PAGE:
At the premier of national award winning filmmaker, Vibha Bakshi’s Son Rise, the UN Under-Secretary General Phumzile Mlambo-Ngcuka who unveiled the film, rightly said,“The beautiful thing about the art is that it reflects our thoughts, it changes our minds, it demonstrates our foolishness, it brings tears into our eyes but it leaves us with profound opportunity to reflect. The UN Women is very proud to be associated with Son Rise and United Nations is proud to be a part of this journey.”
I couldn’t agree with her more! It was an honor to be one of the privileged few to have got the opportunity to view this eye opening film.I have cried, felt the pain, sadness, anger and at times numb as I watched this brilliantly made documentary.
Son Rise is set in Haryana, which is a state with one of the most skewed sex ratios and the highest rate of gender crimes reported in the country. The film focuses on unsung heroes from Haryana, standing up for the cause of gender equality in this land of ‘Khap’ panchayat. As simple as that may sound, it takes immense courage to venture into a such a place that is dominated by men, bring to light the malpractices that take place there, AND get men and women from there to speak up against those malpractices. Vibha has done it all in this documentary and how!
While it is a documentary about a social issue that plagues our country, Vibha has shot it in such a skillful and interesting way that it leaves a huge impact on the audience. It makes the audience sit up and think. It’s a film which is filled with emotions, makes you cry and at the same time leaves you with hope that change is possible, although the fight is long and hard.
In those 50 minutes of the film which was shot over a period of two years, Vibha has managed to put across stories of the plight of women and girls in Haryana. Stories that most of us privileged ones might find difficult to believe.The interesting part however is that Vibha has not tried to tell a story about how the entire state is changing, but she has tried to focus on the good, on the few good men. She has put a spotlight on these brave men who have made the effort to bring about a change, something even the well read, well placed, city bred men might never have the courage to do! She has showed how men right from the doctor in the civil hospital, to the Khap Panchayat leader, in their own way dared to have the courage to break the silence.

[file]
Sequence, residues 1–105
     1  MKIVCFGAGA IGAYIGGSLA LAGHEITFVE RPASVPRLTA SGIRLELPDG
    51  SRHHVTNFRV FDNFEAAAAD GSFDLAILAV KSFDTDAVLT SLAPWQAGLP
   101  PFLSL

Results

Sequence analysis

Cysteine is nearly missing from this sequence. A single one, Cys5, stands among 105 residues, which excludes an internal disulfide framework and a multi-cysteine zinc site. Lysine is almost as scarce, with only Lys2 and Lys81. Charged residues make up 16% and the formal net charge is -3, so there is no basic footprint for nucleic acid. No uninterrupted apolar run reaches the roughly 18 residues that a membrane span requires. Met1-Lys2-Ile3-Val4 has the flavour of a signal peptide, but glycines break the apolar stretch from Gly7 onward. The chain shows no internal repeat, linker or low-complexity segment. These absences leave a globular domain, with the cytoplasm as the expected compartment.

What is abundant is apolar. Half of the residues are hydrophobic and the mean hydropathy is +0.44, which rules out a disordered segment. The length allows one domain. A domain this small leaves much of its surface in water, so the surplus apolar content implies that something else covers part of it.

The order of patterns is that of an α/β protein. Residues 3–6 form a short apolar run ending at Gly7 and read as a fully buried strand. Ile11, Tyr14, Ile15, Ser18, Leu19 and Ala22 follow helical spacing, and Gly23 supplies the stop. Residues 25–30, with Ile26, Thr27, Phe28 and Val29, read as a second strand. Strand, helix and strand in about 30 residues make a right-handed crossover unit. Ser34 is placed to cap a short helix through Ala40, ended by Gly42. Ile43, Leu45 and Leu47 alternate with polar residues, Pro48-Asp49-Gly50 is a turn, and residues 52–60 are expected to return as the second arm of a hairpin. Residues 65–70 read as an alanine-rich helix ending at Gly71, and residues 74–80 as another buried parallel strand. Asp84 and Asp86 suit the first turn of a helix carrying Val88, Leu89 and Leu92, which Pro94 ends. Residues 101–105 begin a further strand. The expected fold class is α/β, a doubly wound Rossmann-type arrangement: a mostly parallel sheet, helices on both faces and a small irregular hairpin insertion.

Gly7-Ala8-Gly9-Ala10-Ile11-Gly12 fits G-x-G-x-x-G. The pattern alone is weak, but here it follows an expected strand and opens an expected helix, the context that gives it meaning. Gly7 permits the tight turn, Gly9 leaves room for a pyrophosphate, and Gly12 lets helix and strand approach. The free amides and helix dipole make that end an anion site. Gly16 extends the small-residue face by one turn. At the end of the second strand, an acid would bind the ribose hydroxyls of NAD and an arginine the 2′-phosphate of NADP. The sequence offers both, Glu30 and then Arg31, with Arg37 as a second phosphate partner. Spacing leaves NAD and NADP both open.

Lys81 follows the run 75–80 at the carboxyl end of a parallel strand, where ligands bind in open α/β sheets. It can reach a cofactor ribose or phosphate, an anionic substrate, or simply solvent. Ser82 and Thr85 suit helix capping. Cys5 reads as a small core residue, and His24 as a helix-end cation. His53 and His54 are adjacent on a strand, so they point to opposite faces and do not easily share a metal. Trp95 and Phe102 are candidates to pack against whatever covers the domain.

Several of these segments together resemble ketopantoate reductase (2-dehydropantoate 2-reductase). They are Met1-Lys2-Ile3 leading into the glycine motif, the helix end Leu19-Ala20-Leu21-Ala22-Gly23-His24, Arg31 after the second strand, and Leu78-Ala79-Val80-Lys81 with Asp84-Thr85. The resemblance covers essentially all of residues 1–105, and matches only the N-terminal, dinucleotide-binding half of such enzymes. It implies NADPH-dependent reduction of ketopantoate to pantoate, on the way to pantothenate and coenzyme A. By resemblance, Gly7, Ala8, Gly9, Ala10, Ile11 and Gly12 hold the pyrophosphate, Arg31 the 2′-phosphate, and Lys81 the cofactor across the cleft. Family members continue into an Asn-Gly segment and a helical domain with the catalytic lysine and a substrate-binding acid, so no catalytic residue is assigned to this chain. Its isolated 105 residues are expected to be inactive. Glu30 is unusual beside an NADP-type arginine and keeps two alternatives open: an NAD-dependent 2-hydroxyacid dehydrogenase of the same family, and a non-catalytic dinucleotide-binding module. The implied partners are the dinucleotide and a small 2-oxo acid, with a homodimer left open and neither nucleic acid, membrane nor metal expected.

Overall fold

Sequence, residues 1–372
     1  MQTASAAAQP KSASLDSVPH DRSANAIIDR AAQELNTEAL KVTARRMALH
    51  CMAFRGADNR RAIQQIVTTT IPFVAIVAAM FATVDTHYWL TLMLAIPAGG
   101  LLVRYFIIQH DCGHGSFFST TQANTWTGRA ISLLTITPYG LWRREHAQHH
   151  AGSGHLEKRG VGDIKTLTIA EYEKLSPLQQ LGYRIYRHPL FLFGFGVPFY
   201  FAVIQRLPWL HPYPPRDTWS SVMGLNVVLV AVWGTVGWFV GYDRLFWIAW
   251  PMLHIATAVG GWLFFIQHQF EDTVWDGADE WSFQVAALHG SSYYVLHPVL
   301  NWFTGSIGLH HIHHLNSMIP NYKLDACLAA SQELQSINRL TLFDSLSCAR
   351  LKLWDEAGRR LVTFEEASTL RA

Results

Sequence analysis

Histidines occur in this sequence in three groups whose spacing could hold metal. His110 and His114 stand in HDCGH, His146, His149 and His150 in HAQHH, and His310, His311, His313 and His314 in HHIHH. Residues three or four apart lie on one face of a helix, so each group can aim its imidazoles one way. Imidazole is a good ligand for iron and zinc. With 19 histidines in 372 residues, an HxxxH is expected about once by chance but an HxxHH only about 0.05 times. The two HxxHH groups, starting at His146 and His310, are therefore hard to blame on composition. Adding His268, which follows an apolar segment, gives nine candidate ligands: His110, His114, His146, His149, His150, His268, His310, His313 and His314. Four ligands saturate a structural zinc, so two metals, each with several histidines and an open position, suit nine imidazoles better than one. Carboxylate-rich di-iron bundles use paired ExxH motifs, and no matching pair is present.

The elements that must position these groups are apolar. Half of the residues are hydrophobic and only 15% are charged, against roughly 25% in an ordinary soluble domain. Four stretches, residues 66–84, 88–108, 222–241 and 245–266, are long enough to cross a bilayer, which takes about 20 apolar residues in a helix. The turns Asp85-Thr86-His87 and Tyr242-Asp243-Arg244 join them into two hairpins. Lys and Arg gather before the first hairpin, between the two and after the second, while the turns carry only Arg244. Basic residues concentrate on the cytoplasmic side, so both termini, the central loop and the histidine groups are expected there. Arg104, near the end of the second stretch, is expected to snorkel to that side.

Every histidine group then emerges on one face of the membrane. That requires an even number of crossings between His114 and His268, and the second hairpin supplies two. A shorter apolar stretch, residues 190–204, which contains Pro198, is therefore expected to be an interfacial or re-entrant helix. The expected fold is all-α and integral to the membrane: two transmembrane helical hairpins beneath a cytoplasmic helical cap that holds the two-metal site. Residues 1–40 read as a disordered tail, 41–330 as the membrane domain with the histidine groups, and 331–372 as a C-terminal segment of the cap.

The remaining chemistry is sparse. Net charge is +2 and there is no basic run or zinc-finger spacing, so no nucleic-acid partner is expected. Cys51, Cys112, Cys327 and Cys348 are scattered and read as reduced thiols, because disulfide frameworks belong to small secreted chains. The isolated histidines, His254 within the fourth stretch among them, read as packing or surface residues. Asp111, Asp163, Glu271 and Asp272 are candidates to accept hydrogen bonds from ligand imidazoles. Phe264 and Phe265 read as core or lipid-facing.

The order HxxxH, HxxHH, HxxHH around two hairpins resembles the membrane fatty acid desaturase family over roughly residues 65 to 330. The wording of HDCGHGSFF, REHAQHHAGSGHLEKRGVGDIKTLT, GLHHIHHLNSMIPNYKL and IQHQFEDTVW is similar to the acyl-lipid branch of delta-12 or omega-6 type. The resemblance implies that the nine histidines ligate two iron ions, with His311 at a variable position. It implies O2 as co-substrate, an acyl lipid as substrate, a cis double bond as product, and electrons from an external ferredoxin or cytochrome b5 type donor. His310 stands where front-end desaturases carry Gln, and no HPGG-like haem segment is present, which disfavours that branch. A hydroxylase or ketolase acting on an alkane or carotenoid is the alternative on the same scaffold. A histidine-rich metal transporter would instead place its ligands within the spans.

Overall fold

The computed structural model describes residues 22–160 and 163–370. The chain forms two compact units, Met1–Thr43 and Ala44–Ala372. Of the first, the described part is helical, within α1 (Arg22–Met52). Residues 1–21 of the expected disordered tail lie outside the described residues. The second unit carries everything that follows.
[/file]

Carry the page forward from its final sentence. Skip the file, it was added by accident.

Right from the first shot of the film, the documentary is only about men. It’s about a father who hopes to see a better future for his two little daughters, a farmer who marries a gang rape survivor and goes on to help more such survivors while his mother bravely supports him.She also highlights how because there are not enough women for the men to get married to, they go the extent of buying their brides from as far as Assam and Bengal. She shows the helplessness of these young women who have been bought and forcefully married.There is a scene which is heartbreaking, where Vibha talks to one such woman from Assam, who tells her about how she misses her home and how she has had to adjust to a completely different culture.
Speaking about the film, Vibha said, “One film cannot solve all the issues, but if it can even create a ripple effect or stir a conversation and a dialogue then you’ve succeeded.” All we can say is the standing ovation, of a full house, at the Royal Opera House in Mumbai where the film was screened, was testament enough that the film is already a success! It is successful in making people aware and inspired to do more.